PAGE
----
IMPORTANT DISCLAIMER: I will now rant about the horrors of teaching, please bear with me. Do you realise that teachers never switch off? We are paid to teach from 07:30 – 14:30. This does not include planning, preparing and grading. I worked well into the night most of the time and we did not get overtime for that. Besides the actual work (because I know I chose it), the emotional strain is ridiculous. Your mind never switches off. Questions like, “How can I get John to focus in class?” or “How can I explain finite verbs again so that Suzie will understand?”, and thoughts like “I hope Carl has a better night’s rest tonight, I am really worried about him” flood your mind every second of the day. I am not even going to mention parents. It is not an easy job. I loved it, but it was often so, so bad. RANT OVER.
My decision to quit was my milestone. I chose myself. I chose my sanity, health and dreams over the comfort of what I knew, but it was scary! It was a big moment in my life. One that I think warrants a monument – I am thinking a big statue giving the finger. One as document-worthy as having a baby or getting engaged would be.
Now I’m in Pretoria, unemployed and living with my mum. Okay laugh if you want. This is regression not growth, I KNOW. And it is so frustrating. I have complained about this and really fell into a dip these past two weeks and then Melissa sent me this.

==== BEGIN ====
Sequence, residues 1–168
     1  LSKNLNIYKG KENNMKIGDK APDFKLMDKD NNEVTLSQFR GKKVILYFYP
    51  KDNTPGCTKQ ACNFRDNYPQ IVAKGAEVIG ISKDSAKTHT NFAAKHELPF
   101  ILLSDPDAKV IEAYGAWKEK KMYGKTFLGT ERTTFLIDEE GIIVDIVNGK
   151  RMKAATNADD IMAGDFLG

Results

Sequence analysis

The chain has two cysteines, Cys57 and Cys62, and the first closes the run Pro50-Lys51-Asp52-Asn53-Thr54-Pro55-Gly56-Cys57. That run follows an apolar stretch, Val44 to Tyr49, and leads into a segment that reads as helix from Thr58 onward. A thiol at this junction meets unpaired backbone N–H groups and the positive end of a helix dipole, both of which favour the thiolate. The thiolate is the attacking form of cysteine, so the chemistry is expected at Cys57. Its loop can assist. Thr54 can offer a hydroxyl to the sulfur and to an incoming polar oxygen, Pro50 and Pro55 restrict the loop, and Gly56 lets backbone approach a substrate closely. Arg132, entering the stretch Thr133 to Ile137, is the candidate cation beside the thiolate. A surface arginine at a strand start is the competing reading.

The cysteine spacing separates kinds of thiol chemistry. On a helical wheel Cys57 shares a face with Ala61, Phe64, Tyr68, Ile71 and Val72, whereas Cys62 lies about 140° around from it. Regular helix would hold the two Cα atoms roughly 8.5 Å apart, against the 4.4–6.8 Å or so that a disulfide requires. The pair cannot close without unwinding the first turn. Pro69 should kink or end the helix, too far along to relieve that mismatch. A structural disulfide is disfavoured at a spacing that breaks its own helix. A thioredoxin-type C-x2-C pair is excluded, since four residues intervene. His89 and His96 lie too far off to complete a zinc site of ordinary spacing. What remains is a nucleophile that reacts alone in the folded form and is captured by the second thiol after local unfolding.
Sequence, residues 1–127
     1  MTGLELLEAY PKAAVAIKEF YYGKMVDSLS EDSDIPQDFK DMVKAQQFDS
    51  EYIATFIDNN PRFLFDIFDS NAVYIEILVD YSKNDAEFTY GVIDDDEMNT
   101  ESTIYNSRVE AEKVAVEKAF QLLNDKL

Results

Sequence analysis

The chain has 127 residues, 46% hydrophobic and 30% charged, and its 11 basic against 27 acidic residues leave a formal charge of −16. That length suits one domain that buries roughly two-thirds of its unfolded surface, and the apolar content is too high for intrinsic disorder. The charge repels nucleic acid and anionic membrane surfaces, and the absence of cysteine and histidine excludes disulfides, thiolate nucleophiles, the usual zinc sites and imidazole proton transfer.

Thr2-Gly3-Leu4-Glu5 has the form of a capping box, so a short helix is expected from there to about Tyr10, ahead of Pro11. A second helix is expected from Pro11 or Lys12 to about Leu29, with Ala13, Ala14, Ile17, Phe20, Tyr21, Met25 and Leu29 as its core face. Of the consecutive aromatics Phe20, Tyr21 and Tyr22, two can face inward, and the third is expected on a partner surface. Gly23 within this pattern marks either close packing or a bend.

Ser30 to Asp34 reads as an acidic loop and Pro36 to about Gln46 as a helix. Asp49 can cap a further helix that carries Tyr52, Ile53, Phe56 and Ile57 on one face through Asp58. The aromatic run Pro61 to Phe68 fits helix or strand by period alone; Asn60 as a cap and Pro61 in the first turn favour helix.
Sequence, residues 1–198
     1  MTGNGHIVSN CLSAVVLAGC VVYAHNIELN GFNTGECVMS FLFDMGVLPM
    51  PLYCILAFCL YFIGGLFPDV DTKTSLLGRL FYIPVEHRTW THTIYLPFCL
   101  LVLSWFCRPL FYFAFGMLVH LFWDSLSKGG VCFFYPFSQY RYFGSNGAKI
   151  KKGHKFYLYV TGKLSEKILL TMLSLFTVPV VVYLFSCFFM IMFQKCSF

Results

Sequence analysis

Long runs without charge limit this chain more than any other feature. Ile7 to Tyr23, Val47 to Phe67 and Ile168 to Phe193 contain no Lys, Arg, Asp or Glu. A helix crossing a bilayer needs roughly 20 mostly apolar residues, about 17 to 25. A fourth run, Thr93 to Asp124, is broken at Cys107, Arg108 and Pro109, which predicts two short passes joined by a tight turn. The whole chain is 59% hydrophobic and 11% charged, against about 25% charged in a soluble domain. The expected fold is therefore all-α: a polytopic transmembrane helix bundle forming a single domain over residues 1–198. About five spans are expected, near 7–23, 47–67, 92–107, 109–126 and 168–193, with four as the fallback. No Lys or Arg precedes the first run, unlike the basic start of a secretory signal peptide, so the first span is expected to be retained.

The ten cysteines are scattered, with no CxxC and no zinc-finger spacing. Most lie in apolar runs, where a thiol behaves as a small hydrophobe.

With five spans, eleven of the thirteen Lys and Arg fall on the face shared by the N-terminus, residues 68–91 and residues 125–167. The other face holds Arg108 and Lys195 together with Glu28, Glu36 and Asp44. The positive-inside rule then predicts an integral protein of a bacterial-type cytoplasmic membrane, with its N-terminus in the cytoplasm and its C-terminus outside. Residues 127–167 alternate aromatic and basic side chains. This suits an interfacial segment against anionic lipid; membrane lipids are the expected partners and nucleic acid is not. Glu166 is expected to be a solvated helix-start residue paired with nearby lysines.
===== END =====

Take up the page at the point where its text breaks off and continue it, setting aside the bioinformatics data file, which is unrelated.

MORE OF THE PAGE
It changed my whole view and inspired this piece. It also linked beautifully to my realisation after the aforementioned dinner with friends. My decision to quit was just as amazing as a friend getting married. It is growth. It is a milestone.
I have always been scared to make big decisions. I would rather stay comfortably in the safety of the known than choose to move for my sanity. The greatest thing was that with the courage and acceptance of my abilities and potential, things just fell into place. I signed a contract to teach overseas. I registered to study again. The move was easy. And now, I will travel and be paid MUCH MORE! I am making progress. I am on my way to do what I want to do… it’s so strange, but amazing!
I know we compare our lives, and I don’t think we will get away from doing that so easily, but what I think we can do is change how we interpret the comparison. Yes, they are married and I am single AF, but there is joy and beauty in both. I can quit my job, travel and pursue my dreams easily. They have stability and partnership. Both those things are wonderful – they’re just different.
Milestones do not have to be big. We can celebrate the small victories as well. I know your friend is super fit and manages to eat really healthy. You, on the other hand, struggle to climb two sets of stairs and cannot say no to the milkshake. It’s so difficult if you want, with all your might, to be healthier. I know it’s frustrating but celebrate that one time you were able to say no to the milkshake. That was a wonderful, small victory for you.
Your growth, progress and timeline looks ridiculously different from those around you, but that is where the beauty of life lies. How boring would it be I we all grew up and lived in exactly the same way? Ewwwwwww! No thank you.
I know now, and you should too, that we are not behind – but just on a different path.
And that is beautiful.